Clifford Possum Tjapaltjarri facts for kids
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Clifford Possum Tjapaltjarri
|Died||21 June 2002 (aged 69–70)
|Other names||Clifford Possum, Clifford Possum Tjapaltjari|
|Known for||Painting, contemporary Indigenous Australian art|
Clifford Possum Tjapaltjarri AO (1932 – 21 June 2002) was an Australian painter, considered to be one of the most collected and renowned Australian Aboriginal artists. His paintings are held in galleries and collections in Australia and elsewhere, including the Art Gallery of New South Wales, the National Gallery of Australia, the Kelton Foundation and the Royal Collection.
Life and painting
Possum's father was Tjatjiti Tjungurrayai and his mother was Long Rose Nangala. After his father's death in the 1940s his mother married Gwoya Jungarai, better known as One Pound Jimmy, whose image was used on a well known Australian postage stamp. His brother was Tim Leura Tjapaltjarri, whose artwork appeared on another stamp. His older brother Cassidy Possum Tjapaltjarri was a traditionalist who barely gone outside of the Yuelamu community and was one of most respected elder till his passing in 2006, Clifford Possum Tjapaltjarri was the most famous of the contemporary artists who lived around Papunya, in the Northern Territory's Western Desert area, when the acrylic painting style (known popularly as "dot art") was initiated. Geoffrey Bardon came to Papunya in the early 1970s and encouraged the Aboriginal people to put their dreaming stories on canvas, stories which had previously been depicted ephemerally on the ground. Clifford Possum emerged as one of the leaders in this school of painting, which has come to be called the Western Desert Art Movement. Possum was of the Anmatyerre culture-linguistic group from around Alherramp (Laramba) community. He was of the Peltharr skin.
When it held an exhibition of his work in 2004, the Art Gallery of New South Wales described his artistic background:
He was an expert wood-carver and took up painting long before the emergence of the Papunya Tula School in the early 1970s. When Clifford Possum Tjapaltjarri joined this group of 'dot and circle' painters early in 1972 he immediately distinguished himself as one of its most talented members and went on to create some of the largest and most complex paintings ever produced.
Clifford Possum Tjapaltjarri led a ground-breaking career and was amongst the vanguard of Indigenous Australian artists to be recognised by the international art world. Like Albert Namatjira before him, Clifford Possum blazed a trail for future generations of Indigenous artists; bridging the gap between Aboriginal art and contemporary Australian art.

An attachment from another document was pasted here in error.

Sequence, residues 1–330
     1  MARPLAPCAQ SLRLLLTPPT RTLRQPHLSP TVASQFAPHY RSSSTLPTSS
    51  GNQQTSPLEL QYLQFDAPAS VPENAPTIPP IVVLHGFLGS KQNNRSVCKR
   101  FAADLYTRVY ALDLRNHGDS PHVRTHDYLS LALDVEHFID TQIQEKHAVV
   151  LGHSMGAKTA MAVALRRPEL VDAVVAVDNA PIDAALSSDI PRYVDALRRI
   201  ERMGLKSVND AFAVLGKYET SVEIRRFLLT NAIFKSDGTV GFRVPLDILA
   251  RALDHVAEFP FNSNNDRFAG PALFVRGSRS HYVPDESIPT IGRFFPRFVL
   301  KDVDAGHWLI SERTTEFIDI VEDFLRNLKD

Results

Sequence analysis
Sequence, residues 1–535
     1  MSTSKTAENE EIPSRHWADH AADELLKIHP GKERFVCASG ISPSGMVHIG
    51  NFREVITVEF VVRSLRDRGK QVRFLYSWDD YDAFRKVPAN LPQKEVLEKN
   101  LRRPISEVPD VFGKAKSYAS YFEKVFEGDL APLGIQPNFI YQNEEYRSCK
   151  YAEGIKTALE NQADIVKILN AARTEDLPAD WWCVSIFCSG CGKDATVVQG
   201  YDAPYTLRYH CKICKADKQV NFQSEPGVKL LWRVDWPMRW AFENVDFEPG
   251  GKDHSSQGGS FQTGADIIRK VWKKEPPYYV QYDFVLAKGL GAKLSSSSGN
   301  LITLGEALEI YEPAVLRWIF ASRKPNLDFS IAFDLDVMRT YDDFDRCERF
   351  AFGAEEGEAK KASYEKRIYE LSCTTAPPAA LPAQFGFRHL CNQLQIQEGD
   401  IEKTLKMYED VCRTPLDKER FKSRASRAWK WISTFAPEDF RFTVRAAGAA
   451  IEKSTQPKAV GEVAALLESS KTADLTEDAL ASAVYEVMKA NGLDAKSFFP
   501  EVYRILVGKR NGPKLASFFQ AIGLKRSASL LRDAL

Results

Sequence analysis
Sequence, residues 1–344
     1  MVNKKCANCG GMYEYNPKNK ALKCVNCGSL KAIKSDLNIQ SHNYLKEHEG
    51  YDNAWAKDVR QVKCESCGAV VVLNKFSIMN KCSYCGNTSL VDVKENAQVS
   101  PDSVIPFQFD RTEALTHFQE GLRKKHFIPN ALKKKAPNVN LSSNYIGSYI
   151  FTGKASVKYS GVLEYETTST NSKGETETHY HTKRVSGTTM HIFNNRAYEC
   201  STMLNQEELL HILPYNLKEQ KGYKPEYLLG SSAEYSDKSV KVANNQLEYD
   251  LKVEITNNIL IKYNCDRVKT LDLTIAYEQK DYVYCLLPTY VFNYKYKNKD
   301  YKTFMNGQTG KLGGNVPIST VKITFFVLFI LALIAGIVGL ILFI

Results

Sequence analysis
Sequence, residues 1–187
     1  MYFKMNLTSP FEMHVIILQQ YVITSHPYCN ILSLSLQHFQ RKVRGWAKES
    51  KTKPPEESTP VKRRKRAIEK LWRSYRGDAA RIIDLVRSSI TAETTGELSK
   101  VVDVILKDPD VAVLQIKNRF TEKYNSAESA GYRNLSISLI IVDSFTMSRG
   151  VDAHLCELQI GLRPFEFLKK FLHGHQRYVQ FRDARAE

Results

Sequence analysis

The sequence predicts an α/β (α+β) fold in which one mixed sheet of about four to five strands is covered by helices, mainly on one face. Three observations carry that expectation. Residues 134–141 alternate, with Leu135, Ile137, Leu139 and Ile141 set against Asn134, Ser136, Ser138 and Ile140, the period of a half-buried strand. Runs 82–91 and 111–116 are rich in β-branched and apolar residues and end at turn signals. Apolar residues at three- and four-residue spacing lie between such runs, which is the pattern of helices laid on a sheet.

Death and legacy
Clifford Possum Tjapaltjarri died in Alice Springs on the day he was scheduled to be invested with the Order of Australia for his contributions to art and to the Indigenous community. His obituaries, which appeared in newspapers around the world, generally referred to him as Clifford Possum and gave his age as about 70. While his year of birth is considered to be approximately correct, the day and month remain undocumented. His two daughters, Gabriella Possum Nungurayyi and Michelle Possum Nungurayyi, are renowned artists in their own right. There was legal controversy surrounding his burial, as his surviving family and community maintained he wished to be buried in a location different from that specified in his will. He was buried at Yuelamu, which had been the preference of his community and daughters, several weeks after his death.
Posthumously, Tjapaltjarri's works are drawing increasing attention. The artist's majestic painting Warlugulong (previously bought by the Commonwealth Bank for just $1,200) was auctioned by Sotheby's on 24 July 2007. Pre-auction, the work was expected to make art history as the most expensive Aboriginal canvas at auction. The work had been tipped to fetch up to A$2.5 million, more than double the then-record for Aboriginal art at auction. The work, in fact, sold for $2.4 million; the following day, it was revealed that the National Gallery of Australia had been the buyer. The Gallery's purchase eased tensions of a rumoured Government legal intervention had the work been purchased by an overseas buyer, out of concern that significant indigenous art would be "lost" overseas.
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